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Insight Two: URL balanced against IRL

In the second instalment of our four-part trend forecasting feature, we examine how social media and the internet has bled through into real life.

If you’re thinking about the internet and real life as separate planes of existence, know that your customers, increasingly, aren’t. But as it blurs into one, shoppers are also feeling the burn from this always-on lifestyle – they’re searching for authenticity.

“Constant pressure to be on fire all the time – personally and professionally – is causing many to burn through their mental and physical reserves. Amid a growing focus on wellbeing, individuals are confronting the impact of always-on lifestyles. In 2020, those consumers will look to brands to help them battle the burnout.” – Trendwatching, Five Trends for 2020.

The idea of a consumer backlash to the pressures of consumerism and technology isn’t a new one – in fact, it’s been explored by fiction writers for decades. However, it’s important to understand that in this iteration of anticonsumerism, today’s consumers aren’t totally rejecting modern conveniences – just the bad bits. Shoppers are increasingly craving temporary respite from the negative symptoms of the technology-driven consumer culture that’s central to many peoples’ lives, but they’re still very much engaged with the system as a whole.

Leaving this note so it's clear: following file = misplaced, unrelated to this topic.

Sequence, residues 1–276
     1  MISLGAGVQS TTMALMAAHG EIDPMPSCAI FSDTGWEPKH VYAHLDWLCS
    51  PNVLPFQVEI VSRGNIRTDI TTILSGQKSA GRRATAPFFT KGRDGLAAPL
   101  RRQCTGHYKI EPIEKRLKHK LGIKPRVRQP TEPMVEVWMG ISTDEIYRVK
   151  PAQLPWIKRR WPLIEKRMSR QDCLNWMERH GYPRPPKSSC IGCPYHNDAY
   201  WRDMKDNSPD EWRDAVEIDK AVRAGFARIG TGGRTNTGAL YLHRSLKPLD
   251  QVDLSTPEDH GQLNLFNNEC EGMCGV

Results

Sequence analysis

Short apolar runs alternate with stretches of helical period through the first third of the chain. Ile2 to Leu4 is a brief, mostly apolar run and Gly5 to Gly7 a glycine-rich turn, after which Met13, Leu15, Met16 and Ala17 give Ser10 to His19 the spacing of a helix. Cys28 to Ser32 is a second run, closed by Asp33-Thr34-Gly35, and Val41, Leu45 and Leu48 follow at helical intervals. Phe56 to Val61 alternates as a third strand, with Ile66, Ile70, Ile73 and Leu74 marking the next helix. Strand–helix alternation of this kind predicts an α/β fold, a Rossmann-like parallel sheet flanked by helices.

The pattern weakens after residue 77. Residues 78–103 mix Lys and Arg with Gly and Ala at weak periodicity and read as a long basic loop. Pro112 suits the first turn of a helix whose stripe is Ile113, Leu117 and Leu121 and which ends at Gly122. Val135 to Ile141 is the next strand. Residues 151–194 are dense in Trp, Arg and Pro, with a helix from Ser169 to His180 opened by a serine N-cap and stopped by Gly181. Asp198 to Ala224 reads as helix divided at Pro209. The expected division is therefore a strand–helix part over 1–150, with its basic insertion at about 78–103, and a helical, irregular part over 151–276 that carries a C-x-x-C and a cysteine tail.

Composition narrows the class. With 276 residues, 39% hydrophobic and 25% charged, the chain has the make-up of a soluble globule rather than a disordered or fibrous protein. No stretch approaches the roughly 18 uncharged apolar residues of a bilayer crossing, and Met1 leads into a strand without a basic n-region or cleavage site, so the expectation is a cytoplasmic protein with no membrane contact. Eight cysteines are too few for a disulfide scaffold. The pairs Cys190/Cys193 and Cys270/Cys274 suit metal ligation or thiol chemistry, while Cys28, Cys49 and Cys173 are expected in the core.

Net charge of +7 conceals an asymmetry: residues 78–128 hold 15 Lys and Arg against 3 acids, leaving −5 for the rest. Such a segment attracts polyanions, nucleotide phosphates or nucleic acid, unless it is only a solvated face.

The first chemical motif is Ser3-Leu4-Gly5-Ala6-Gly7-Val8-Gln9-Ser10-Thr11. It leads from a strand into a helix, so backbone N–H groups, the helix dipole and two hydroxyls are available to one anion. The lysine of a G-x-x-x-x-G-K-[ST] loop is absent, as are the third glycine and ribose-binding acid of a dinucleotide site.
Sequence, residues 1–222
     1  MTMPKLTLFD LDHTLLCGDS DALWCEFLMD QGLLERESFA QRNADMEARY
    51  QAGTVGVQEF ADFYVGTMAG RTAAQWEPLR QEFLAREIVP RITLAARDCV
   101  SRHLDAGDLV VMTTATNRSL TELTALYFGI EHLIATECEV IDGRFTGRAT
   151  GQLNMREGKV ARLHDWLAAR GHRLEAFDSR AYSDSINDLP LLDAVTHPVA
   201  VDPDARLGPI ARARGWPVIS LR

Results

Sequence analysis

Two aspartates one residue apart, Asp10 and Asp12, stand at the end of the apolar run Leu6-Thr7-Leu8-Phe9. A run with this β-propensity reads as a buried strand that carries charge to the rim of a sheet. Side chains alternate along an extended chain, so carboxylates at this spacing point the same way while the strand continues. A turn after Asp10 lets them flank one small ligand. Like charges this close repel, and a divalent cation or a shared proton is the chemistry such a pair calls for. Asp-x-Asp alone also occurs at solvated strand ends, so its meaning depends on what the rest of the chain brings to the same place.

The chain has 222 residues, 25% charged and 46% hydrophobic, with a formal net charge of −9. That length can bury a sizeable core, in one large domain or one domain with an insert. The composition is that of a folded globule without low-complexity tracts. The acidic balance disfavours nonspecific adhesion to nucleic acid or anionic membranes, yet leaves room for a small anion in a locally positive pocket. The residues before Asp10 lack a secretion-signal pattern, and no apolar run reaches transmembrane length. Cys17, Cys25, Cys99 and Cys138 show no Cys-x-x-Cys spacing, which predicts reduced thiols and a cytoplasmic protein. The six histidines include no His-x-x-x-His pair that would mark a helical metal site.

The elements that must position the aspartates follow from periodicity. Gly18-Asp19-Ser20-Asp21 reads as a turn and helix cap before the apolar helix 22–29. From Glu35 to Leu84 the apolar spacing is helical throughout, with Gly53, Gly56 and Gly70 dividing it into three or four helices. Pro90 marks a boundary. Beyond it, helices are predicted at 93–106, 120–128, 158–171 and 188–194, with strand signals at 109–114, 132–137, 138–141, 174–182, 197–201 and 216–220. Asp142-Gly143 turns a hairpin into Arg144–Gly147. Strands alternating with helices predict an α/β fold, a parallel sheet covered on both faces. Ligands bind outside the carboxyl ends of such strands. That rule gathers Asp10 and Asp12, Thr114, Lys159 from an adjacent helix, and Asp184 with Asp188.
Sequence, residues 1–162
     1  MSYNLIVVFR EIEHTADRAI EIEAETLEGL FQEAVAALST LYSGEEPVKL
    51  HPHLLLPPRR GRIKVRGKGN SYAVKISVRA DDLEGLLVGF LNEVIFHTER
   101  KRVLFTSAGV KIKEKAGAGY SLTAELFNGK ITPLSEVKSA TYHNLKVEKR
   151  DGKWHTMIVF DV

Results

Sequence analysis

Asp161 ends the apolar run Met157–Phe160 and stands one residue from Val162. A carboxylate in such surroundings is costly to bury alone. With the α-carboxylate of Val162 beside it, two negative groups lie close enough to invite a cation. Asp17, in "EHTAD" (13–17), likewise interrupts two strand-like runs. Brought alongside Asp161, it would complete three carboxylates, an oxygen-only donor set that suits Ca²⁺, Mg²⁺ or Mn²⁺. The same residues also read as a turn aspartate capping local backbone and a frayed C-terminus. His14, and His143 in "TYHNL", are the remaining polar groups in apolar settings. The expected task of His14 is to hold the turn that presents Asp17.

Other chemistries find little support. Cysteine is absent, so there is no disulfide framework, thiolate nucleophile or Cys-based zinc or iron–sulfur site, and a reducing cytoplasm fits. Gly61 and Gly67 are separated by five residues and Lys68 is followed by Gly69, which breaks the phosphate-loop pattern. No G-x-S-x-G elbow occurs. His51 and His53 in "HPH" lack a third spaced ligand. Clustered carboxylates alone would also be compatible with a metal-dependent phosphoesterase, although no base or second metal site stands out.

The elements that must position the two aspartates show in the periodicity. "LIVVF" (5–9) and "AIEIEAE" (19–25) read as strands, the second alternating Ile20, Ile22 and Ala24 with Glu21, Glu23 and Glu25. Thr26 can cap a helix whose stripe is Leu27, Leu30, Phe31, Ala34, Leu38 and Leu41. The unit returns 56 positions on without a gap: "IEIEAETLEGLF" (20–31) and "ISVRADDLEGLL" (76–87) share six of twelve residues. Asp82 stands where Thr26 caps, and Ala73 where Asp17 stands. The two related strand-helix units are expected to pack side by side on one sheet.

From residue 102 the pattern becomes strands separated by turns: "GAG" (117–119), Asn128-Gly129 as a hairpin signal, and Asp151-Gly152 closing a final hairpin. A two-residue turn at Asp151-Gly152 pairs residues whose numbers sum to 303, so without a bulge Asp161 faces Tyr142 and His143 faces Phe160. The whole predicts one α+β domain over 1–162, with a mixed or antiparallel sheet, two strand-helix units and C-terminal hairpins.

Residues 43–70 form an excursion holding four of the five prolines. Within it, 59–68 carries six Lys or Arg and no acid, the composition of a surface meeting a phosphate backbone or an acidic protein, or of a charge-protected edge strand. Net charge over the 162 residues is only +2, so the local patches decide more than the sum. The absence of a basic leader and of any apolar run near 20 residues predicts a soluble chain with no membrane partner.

The site of that respite is primarily their homes, but when consumers tire of experiencing life through screens, they expect retailers to meet them in the real world with a bricks and mortar retail experience that makes changing out of their pyjamas worthwhile. Otherwise, they’ll be looking for shoppable activations wherever they are – digital channels like social media, streaming platforms, virtual reality and even online games.

Euromonitor has this to say about children born between 2010 and 2025: “Growing up with technology as an integral part of their lives, Generation Alpha will not distinguish between digital and physical.”

Another source of respite is the unstoppable wellness juggernaut. This global macro-trend has penetrated nearly every retail category over the last few years, propelling gamechanging trends such as activewear and reusable water bottles into popularity. It’s showing no signs of slackening off.

In the US, the latest wellness trend sees a non-psychoactive cannabinoid called cannabidiol or CBD oils becoming incorporated into many personal-care products. CBD is still not freely available in New Zealand, but given that we can expect a cannabis referendum later in 2020, it might be prudent to keep an eye on how it’s going overseas.

Read The rules are changing: Four trends shaping 2020

Read Insight One: Values-based retail evolves

Read Insight Three: Instant gratification

Read Insight Four: Social gets serious

This story originally appeared in NZ Retail issue 766 February / March 2020

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